This volume of new essays provides a comprehensive and structured examination of Kantian accounts of practical justification. This examination serves as a starting point for a focused investigation of the Kantian approach to justification in practical disciplines (ethics, legal and political philosophy or philosophy of religion). The recent growth of literature on this subject is not surprising given that Kant's approach seems so promising: he claims to be able to justify unconditional normative claims without recourse to assumptions, views or doctrines, which are not in their turn justifiable. Within the context of modern pluralism, this is exactly what the field needs: an approach which can demonstrably show why certain normative claims are valid, and why the grounds of these claims are valid in their turn, and why the freedom to question them should not be stifled. Although this has been a growth area in philosophy, no systematic and sustained study of the topic of practical justification in Kantian philosophy has been undertaken so far. With fourteen original chapters and an introduction from leading researchers in the field, this volume addresses this neglected topic. The starting point is the still-dominant view that a successful account of justification of normative claims has to be non-metaphysical. The essays engage with this dominant view and pursue further implications in ethics, legal and political philosophy, as well as philosophy of religion. Throughout the essays, the contributors bring into contact with contemporary debates key interpretive questions about Kant's views on practical justification.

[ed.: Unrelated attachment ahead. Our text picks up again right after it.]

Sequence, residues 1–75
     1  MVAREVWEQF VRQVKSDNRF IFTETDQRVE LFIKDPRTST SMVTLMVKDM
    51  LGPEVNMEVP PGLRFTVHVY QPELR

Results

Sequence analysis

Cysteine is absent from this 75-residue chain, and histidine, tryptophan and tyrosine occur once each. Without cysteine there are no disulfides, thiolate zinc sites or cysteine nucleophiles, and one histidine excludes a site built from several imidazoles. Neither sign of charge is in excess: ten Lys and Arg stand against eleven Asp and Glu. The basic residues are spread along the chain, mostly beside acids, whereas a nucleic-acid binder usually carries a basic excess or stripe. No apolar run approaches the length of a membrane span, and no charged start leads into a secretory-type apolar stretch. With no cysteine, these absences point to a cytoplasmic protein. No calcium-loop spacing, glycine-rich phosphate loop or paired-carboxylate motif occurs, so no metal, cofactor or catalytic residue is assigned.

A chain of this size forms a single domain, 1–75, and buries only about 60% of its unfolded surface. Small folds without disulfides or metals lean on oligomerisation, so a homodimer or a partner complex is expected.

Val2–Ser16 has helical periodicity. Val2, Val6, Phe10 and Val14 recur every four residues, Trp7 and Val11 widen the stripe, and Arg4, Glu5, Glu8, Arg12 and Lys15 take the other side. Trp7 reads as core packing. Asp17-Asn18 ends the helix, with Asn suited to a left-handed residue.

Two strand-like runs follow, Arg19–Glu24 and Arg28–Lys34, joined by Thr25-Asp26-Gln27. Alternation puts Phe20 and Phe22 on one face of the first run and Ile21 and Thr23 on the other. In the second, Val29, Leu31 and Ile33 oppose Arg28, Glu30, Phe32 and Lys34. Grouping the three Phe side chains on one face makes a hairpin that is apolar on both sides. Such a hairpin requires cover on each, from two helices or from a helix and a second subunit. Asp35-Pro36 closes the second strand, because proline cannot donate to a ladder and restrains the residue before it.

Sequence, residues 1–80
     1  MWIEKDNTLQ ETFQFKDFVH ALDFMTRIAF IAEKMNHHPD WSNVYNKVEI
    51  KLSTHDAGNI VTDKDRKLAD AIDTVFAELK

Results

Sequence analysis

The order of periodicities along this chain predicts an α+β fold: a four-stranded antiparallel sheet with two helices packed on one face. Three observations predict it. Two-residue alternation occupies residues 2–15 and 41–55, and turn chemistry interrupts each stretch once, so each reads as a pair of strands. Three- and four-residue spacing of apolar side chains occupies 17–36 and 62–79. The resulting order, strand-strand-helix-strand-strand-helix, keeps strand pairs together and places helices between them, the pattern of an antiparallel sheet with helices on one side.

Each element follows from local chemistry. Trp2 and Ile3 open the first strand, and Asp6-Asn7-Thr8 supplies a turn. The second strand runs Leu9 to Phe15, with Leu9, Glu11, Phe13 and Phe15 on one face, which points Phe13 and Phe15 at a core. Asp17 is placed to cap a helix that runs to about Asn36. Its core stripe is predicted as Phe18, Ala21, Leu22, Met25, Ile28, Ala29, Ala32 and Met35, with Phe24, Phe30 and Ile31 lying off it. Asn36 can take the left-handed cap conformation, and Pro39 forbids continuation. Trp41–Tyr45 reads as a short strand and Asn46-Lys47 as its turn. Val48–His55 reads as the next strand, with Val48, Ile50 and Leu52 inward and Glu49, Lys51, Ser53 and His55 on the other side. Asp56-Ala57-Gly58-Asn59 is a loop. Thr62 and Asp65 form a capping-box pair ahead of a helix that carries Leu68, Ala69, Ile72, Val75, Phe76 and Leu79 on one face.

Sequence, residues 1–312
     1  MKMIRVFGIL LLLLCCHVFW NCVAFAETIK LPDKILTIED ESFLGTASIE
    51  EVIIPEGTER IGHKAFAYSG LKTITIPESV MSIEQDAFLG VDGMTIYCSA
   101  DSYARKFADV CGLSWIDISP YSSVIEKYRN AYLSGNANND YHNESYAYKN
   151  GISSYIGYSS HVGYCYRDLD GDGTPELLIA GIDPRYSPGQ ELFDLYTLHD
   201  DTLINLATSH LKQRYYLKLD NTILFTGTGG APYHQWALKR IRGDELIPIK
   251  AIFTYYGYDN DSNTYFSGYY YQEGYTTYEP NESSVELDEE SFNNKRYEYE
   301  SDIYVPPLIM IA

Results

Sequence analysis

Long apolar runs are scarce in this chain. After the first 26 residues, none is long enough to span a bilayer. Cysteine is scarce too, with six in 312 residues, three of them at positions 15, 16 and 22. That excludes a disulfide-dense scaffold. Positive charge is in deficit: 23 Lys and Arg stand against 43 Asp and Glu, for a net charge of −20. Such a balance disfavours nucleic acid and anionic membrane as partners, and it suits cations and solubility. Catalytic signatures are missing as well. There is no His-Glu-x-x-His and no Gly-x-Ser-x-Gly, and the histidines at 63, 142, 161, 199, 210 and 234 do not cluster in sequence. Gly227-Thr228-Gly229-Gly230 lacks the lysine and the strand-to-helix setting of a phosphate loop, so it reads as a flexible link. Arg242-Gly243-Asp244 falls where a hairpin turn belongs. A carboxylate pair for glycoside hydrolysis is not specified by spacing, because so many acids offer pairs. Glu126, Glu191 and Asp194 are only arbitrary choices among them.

Mark Timmons is Professor of Philosophy at the University of Arizona. He is author of Morality without Foundations (OUP, 1999), editor of Kant's Metaphysics of Morals: Interpretative Essays (OUP, 2002), co-editor of Metaethics After Moore (OUP, 2006), and editor of Oxford Studies in Normative Ethics (published annually).
Sorin Baiasu is Reader in Philosophy at Keele University, UK. He is the author of Kant and Sartre: Re-discovering Critical Ethics (2011), co-editor of Politics and Metaphysics in Kant (2011), as well as of a special issue of the journal Kantian Review (2011).
Table of Contents
Notes on Contributors
Introduction. Practical Justification in Kant, Sorin Baiasu
1. Kant's Rechtfertigung and the Epistemic Nature of Practical Justification, Sorin Baiasu
2. Why Ought Implies Can, Sebastian Rödl
3. Kant on Practical Reason, Allen Wood
4. Constructing Practical Justification: How Can the Categorical Imperative Justify Desire-based Actions?, Larry Krasnoff
5. Anthropology and Metaphysics in Kant's Categorical Imperative of Law. An Interpretation of Rechtslehre §§B and C, Otfried Höffe
6. Kant, Moral Obligation and the Holy Will, Robert Stern
7. Is Practical Justification in Kant Ultimately Dogmatic?, Karl Ameriks
8. Constructivism and Self-constitution, Paul Guyer
9. Formal Approaches to Kant's Formula of Humanity, Andrews Reath
10. Kant's Grounding Project in the Doctrine of Virtue, Houston Smit & Mark Timmons
11. Kant and Libertarianism, Howard Williams
12. Kant's Practical Justification of Freedom, Henry E. Allison
13. The Place of Kant's Theism in His Moral Philosophy, John Hare
14. Freedom, Temporality and Belief: A Reply to Hare, A. W. Moore